Predictions: Media and Publishing in 2010

Our 2009 predictions are here.

Our 2010 predictions are here . . .

My Predictions from Last Year: I got it right that companies tried to move online fast, though that took to later 2009, hyperlocal got big, more online comics, and bookstores did look to add more mostly via e-readers.  What I got wrong was Nintendos books-on-carts being relevant and TOTALLY missed the Disney/Marvel thing.

This year's predictions:

  • Media companies in transition.  Between the Apple-CBS-Disney partnering, the Comcast purchase of NBC, and so on, media companies are going to move more and more online.  A surprising amount of turmoil and turnover will start as companies look to online distribution and alliances to send out content, cut costs, and make money.  No one is actually 100% sure what's going on, so we'll see many predictions and extrapolations – most of them wrong.  By the end of the year no one will have entirely figured it out.
  • The year of the e-book.  More people jumping into it, more deliveries – and more controversies.
  • E-book readers on notebooks, iPhone, etc. will explode, and by the end of 2010 it will be accepted that e-readers will be specialty devices and more people just download the program.
  • There will be more moves to do rich, multimedia e-magazines, but it won't be entirely realized in 2010.  What we see with Skiff and others is the laying of a foundation – cultural and technical – for "e books on steroids."
  • Expect confusion and unpleasantness over the variety of e-reader formats, exclusive contracts, and more.  Authors will want to renegotiate deals, change deals, make new deals with other e-reader companies, etc.  By end of 2010 there will be talk of more universal formats and some brands will die or consolidate.
  • Comics will more more online and to different release formats.  This will not end the traditional comic book, but expect predictions of such an end.  Reporters and journalists will rediscover webcomics, which have been doing something like this for years, and act like it's new.  Webcomic authors will try and take advantage of technical and cultural changes.
  • Surviving news companies will manage to bounce back and start working on plans to deal with the changes.  A lot of innovation will take place, but we won't see the full shape of it for awhile.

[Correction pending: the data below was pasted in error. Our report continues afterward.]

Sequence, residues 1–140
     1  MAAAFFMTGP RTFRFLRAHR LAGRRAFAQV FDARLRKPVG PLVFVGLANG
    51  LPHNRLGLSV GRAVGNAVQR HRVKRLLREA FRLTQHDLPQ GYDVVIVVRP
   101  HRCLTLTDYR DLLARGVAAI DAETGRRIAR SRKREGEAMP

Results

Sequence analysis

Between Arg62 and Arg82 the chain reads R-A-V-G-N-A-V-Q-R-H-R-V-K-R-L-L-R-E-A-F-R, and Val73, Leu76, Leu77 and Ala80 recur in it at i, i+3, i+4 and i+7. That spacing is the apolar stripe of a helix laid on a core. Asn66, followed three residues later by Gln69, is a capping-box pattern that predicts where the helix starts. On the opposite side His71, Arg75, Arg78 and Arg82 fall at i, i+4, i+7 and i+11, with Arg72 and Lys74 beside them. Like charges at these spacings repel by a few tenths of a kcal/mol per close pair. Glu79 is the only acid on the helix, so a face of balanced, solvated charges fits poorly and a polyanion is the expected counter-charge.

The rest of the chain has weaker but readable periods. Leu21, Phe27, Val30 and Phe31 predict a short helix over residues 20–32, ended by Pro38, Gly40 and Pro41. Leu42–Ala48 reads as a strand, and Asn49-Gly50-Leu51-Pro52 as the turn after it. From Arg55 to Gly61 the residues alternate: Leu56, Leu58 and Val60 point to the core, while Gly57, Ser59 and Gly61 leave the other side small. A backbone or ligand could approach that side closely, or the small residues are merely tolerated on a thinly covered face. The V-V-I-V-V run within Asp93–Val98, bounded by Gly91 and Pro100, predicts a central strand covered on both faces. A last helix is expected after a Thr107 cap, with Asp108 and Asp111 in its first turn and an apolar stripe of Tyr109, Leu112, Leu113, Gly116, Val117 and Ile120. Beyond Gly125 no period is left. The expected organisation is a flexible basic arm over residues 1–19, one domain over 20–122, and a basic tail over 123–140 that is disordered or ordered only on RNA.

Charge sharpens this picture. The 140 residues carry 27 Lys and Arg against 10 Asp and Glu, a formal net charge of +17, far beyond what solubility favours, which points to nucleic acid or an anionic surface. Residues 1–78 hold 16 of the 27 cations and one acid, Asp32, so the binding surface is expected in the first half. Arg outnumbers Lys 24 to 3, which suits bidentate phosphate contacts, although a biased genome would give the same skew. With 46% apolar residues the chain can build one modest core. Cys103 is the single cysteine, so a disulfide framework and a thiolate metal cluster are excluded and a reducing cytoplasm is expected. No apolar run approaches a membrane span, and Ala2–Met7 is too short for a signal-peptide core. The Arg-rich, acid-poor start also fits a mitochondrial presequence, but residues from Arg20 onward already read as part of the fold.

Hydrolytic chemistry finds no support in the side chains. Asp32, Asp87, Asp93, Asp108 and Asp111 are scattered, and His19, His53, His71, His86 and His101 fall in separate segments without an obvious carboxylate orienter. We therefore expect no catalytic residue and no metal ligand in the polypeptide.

• Self-publishing will become grudgingly accepted more and more – only if because e-books will produce whole new areas of concern for those with amore traditionalist approach to publishing.  At least one more company will appear following in Harlequin's footsteps and doing self-publishing.
  • The many media changes will keep lawyers busy and legal issues will slow many big initiatives.


  • The big news here will come in the form of the rumored partnership between Apple, CBS and Disney (parent company of ABC). It’s been speculated that Comcast bought NBC because they wanted to launch some kind of Web venture (remember, NBC is the part-owners of Hulu), and it’s entirely possible that they got wind of AppleBC and decided to counter it – or vice-versa.

Anyway, my prediction is AppleBC will, indeed, launch to great fanfare, and it, combined with NBComcast and increasing use of Web-to-TV devices (the Boxee Box, Apple TV), will spell big trouble for traditional methods of paid TV distribution (cable, satellite, Verizon Fios). Look for Cablevision and Time Warner to protect their own hides by striking their own TV deals – having one of them go in as a partner in AppleBC is a distinct possibility.

  •  Periodical publishing will take an increasing paper-to-pixels term. Sony’s new newspaper service and Skiff will have successful launches, though both will end up going cross-platform (putting Sony in the unusual position of being a content distributor, not a hardware distributor). You may see some formerly killed-off publications (like Gourmet) re-launching as electronic-only, and more publishers will take the approach of the resurrected Vibe – the print publication will be secondary to the Web/E-reader version.
  • Borders will, indeed, jump into the E-reader business with both feet, although they will focus less on marketing a device and more on an iTunes-like portal that will offer content for all sorts of readers, smartphones and netbooks. Given their strong background in manga publishing, I can see them striking exclusive deals for E-content distribution with some of the non-Tokyopop, non-Viz publishing houses, like Del Rey Manga and Yen Press.
  • Everyone and their grandmother will try to get into the E-reader business (including some cell phone companies), but the market will quickly contract around two or three devices (Kindle, Nook and Sony are the no-brainer survivors). More and more E-reader business will spread to other devices, leaving the future of readers questionable.
  • James Cameron’s Avatar will result in an enormous boom in 3-D moviemaking. Inferior, rushed-out product will quickly kill the trend, though, so don’t bank on this influencing a future career direction.